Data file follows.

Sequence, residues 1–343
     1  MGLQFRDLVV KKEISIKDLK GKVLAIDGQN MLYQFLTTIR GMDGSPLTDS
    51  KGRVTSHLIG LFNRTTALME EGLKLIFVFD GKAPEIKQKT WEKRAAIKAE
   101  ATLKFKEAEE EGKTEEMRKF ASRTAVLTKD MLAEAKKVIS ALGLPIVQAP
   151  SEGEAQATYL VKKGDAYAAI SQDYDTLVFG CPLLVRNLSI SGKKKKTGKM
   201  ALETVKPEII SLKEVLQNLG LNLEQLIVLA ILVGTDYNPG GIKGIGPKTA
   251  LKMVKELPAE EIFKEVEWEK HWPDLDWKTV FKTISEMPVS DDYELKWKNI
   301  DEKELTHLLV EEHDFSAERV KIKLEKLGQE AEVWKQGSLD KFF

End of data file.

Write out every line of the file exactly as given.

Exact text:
Sequence, residues 1–343
     1  MGLQFRDLVV KKEISIKDLK GKVLAIDGQN MLYQFLTTIR GMDGSPLTDS
    51  KGRVTSHLIG LFNRTTALME EGLKLIFVFD GKAPEIKQKT WEKRAAIKAE
   101  ATLKFKEAEE EGKTEEMRKF ASRTAVLTKD MLAEAKKVIS ALGLPIVQAP
   151  SEGEAQATYL VKKGDAYAAI SQDYDTLVFG CPLLVRNLSI SGKKKKTGKM
   201  ALETVKPEII SLKEVLQNLG LNLEQLIVLA ILVGTDYNPG GIKGIGPKTA
   251  LKMVKELPAE EIFKEVEWEK HWPDLDWKTV FKTISEMPVS DDYELKWKNI
   301  DEKELTHLLV EEHDFSAERV KIKLEKLGQE AEVWKQGSLD KFF